• 27 min
    Norm & Ahmed: Race prejudice is a profoundly irrational force l Australian theatre classics

    Norm & Ahmed: Race prejudice is a profoundly irrational force l Australian theatre classics

    In Norm and Ahmed a rather ocker, white Australian male encounters a well-mannered Pakistani student with revolutionary ambitions on a Sydney street at midnight. The exploration of alienation in this play remained a common theme in Buzo’s work, with a tireless commitment to reflecting the true nature of Australian society.--Alex Buzo was born in Sydney and educated at the University of NSW. In the late 1960s his early plays Norm and Ahmed, Rooted and The Front Room Boys pioneered a revival of Australian theatre. Macquarie and other historical plays such as Big River and Pacific Union helped to popularise the themes of our individual and national maturity. Buzo's books Tautology, The Longest Game, The Young Person's Guide to the Theatre and A Dictionary of the Almost Obvious confirm his reputation as an important recorder of the modern Australian idiom. In 2005 he was awarded an Honorary Doctorate of Letters from the University of New South Wales for his contribution to Australian literature. And following his death in 2006, his daughter Emma founded The Alex Buzo Company, which was the first arts organisation in Australia to produce, promote and perpetuate the work of a single Australian writer. Today, Emma Buzo is here to discuss what is, perhaps, her father’s most famous work, Norm and Ahmed, which she loves deeply and also directed for The Alex Buzo Company in 2007.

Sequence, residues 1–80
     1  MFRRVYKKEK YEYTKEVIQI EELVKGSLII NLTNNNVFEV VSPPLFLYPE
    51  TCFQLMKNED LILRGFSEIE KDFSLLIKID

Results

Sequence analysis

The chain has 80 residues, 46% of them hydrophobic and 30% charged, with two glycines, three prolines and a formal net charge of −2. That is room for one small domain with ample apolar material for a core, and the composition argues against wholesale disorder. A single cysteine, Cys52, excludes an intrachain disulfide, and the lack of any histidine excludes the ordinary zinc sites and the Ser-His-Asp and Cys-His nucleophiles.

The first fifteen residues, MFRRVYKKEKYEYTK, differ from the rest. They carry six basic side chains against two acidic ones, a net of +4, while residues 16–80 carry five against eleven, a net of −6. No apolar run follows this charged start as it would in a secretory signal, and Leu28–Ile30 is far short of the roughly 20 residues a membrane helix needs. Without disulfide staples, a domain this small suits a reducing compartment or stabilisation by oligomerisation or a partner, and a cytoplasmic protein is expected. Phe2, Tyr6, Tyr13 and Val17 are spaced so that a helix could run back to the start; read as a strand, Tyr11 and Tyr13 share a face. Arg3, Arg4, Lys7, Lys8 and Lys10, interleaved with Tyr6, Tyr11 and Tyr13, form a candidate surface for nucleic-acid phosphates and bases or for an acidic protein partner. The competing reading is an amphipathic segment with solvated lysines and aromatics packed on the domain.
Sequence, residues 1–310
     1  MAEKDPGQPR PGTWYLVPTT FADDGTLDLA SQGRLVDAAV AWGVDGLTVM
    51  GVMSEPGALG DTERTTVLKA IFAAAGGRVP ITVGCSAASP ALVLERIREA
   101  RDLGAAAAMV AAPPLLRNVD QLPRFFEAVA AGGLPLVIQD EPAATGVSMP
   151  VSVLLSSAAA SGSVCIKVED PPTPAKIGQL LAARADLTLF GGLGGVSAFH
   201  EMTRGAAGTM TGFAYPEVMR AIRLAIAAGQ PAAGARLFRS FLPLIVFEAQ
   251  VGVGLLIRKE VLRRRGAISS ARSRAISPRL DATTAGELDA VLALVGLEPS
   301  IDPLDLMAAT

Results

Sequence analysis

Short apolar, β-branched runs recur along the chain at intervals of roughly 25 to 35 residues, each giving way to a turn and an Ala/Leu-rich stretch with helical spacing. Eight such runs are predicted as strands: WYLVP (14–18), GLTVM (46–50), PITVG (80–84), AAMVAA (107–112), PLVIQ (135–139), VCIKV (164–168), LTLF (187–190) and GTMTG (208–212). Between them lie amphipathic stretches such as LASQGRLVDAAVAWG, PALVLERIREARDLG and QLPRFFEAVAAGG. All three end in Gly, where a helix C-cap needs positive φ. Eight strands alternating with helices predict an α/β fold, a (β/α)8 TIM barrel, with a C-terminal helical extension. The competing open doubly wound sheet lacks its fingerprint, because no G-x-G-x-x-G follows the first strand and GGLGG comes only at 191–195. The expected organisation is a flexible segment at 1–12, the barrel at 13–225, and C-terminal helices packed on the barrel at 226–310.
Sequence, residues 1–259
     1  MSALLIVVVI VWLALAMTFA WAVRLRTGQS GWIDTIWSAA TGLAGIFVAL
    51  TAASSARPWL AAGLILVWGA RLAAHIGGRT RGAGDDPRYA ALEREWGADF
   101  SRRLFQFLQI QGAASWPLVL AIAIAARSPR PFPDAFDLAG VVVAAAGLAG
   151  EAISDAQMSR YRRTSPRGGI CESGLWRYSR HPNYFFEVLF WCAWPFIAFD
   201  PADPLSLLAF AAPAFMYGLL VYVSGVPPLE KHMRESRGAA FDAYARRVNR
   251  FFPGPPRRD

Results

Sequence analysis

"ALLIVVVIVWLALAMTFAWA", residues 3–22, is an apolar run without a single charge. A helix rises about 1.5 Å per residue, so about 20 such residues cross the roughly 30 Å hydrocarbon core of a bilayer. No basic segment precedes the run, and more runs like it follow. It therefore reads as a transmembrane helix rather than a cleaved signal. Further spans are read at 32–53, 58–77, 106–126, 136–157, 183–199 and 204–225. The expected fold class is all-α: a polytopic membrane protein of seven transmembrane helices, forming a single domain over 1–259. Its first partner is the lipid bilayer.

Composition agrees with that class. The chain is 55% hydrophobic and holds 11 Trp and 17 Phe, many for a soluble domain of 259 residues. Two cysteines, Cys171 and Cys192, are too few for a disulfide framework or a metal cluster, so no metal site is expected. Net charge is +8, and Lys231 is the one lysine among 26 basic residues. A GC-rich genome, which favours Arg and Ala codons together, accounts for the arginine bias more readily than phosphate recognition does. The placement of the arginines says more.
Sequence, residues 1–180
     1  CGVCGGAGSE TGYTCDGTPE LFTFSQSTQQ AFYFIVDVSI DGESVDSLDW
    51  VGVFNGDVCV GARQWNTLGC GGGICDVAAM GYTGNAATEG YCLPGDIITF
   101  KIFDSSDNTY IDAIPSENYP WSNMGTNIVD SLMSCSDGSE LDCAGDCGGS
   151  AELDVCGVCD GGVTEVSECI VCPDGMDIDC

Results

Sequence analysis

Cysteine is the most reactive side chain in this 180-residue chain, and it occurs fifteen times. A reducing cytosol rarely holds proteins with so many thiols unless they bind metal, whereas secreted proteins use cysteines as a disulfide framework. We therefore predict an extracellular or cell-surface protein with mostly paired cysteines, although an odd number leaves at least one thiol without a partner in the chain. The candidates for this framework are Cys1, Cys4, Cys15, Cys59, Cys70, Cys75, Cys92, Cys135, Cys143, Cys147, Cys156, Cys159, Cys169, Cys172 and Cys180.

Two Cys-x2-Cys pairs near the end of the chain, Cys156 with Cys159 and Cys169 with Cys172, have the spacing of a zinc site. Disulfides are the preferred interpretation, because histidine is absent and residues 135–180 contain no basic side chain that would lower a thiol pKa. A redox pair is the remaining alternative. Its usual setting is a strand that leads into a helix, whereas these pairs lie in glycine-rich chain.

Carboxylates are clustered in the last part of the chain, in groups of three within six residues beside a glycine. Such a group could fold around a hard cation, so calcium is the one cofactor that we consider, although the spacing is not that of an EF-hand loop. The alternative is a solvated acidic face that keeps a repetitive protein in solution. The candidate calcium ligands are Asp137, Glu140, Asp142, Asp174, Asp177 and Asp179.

• 30 min
    Wary Asians on a Theme: Dramatising in the Near North l Australian theatre in Asia

    Wary Asians on a Theme: Dramatising in the Near North l Australian theatre in Asia

    Toby Leon reads an article Alex Buzo wrote for Quadrant Magazine in 2004. It’s called ‘Wary Asians on a Theme: Dramatising in the Near North’ and unpacks the cultural complexities that Buzo encountered when presenting his work in Asia - from India, to Malaysia and Indonesia too - seeing the reactions from audiences, reading local critics’ appraisals of his plays, listening to the directors’ choices about his characters motivation and truth, then trying to make those same choices himself when he directed his play Pacific Union in Jakarta. And of course the piece is brimming with Alex’s insight and humour, both just as sharp as each other.--Alex Buzo was born in Sydney and educated at the University of NSW. In the late 1960s his early plays Norm and Ahmed, Rooted and The Front Room Boys pioneered a revival of Australian theatre.Macquarie and other historical plays such as Big River and Pacific Union helped to popularise the themes of our individual and national maturity. Buzo's books Tautology, The Longest Game, The Young Person's Guide to the Theatre and A Dictionary of the Almost Obvious confirm his reputation as an important recorder of the modern Australian idiom.

    • 25 min